Mitch Moses was one of a number of young players who starred for the Tigers in their win over the Bulldogs.

Freestyler Moses sticks to structure

Raw Wests Tigers five-eighth Mitchell Moses admits he's been annoyed with coach Jason Taylor's attacking structure at times this season but has learnt patience off the back of his frustration.

Moses finally looked to have come to peace with the Tigers' game-plan against reigning premiers South Sydney last Friday where he set up a try and maintained chief kicking duties.

Usually one to try his luck when a chance presents itself, Moses proved against Souths he is the perfect foil for his fellow backs like James Tedesco to shine.

"I definitely was feeling a little bit frustrated at the start of the year and a bit low on confidence but the past couple of weeks I'm really enjoying the role I've been playing," Moses said.

"I'm a freestyle player. That's how I play footy and coming into the structure that JT has bought – now, I don't mind it. It's a good learning curve for me to play to a structure while also being given that freedom of play whenever I see something to take it up.

"It's just getting used to not touching the ball as much as I used to when I was in the juniors. I was definitely a play what you see player and if it doesn't work then it doesn't work. I have a lot more patience in my game at the moment."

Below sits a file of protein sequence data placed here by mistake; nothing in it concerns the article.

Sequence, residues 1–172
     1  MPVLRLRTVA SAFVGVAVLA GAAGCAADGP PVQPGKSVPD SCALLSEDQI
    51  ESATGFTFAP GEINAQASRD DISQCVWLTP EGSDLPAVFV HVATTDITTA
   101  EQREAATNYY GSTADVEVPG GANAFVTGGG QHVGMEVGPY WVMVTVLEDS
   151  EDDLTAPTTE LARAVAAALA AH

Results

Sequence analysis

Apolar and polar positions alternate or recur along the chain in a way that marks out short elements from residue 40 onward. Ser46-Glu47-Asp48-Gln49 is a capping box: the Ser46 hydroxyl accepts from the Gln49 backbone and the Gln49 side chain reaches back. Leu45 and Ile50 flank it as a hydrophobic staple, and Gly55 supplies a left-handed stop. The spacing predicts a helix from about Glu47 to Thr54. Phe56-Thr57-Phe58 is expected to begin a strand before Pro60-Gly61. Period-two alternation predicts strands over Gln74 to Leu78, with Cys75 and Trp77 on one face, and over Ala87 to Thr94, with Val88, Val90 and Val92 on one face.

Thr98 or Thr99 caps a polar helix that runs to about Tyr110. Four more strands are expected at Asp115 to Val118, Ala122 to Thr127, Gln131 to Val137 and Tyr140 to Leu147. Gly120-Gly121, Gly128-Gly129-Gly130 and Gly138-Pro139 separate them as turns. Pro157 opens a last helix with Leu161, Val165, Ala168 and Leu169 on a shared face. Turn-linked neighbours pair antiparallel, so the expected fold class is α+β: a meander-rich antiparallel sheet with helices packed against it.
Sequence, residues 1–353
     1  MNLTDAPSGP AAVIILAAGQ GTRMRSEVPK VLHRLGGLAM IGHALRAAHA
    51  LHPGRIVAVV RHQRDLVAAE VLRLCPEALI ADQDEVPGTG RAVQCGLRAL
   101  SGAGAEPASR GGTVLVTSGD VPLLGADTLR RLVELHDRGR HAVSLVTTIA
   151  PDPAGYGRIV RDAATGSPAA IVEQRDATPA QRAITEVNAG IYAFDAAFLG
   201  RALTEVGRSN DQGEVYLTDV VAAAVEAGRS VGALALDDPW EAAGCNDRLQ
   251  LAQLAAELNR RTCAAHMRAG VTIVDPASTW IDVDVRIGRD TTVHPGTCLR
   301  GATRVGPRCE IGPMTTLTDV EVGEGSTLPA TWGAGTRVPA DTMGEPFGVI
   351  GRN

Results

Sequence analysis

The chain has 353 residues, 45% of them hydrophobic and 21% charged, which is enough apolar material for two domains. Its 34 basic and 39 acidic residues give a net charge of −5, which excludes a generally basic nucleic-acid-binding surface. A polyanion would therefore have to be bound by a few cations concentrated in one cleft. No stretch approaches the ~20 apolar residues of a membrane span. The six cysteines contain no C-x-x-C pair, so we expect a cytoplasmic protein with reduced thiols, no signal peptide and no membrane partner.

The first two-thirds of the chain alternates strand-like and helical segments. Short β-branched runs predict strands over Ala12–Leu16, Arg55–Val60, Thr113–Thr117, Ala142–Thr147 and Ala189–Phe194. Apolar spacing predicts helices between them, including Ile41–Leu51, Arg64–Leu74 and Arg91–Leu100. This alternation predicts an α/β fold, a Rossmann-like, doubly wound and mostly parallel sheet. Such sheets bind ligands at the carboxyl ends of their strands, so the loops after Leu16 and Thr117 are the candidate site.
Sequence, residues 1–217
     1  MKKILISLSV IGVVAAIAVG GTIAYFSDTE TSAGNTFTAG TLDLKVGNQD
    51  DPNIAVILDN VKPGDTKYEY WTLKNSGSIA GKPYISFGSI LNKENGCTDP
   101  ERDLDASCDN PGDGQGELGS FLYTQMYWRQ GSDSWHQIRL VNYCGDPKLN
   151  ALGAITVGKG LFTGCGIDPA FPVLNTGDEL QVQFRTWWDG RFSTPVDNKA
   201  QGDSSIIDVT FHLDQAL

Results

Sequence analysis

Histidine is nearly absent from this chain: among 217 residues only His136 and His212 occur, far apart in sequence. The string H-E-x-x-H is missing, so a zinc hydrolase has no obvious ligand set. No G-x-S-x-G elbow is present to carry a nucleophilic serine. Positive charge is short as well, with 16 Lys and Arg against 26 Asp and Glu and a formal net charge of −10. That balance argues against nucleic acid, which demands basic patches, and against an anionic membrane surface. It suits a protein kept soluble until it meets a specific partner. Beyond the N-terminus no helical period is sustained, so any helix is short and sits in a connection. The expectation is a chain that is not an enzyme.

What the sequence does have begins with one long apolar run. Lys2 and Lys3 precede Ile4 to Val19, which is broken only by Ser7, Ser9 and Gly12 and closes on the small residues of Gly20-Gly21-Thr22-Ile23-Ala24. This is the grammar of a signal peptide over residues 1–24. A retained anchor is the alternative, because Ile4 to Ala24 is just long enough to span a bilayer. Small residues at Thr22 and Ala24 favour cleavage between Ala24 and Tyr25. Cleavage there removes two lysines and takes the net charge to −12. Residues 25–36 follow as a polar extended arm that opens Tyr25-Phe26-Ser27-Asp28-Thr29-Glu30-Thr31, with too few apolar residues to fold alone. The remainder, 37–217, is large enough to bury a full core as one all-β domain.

Surprisingly however, Moses remained understanding as to why he and fellow half Luke Brooks are constantly hit off the ball when kicking.

With Brooks (108 kicks – 10th competition-wide) sitting just ahead of Moses (103 – 11th), the 20-year-olds remain unrattled. 

Moses, despite having less kicks than Brooks has produced more kick metres than his teammate and remained unperturbed by the threats posed by Sea Eagles forwards Willie Mason, Luke Burgess and Dunamis Lui in Round 15's opening clash.

"I definitely feel like I have been taken out a lot more then what I normally do so if they want to keep hitting me late then they can. It's up to the refs to decide if it's late or dangerous or anything like that," Moses said.

"Maybe they're trying to take us out of the game a little bit there and shoot our confidence by trying to hit us late and probably teach us a lesson of not taking the ball to the line but it's not going to stop Luke and I doing that. 

"We're going to keep doing the same and we have to keep taking those knocks so that's all a part of the job. It's understandable we cop it every week so it's nothing new."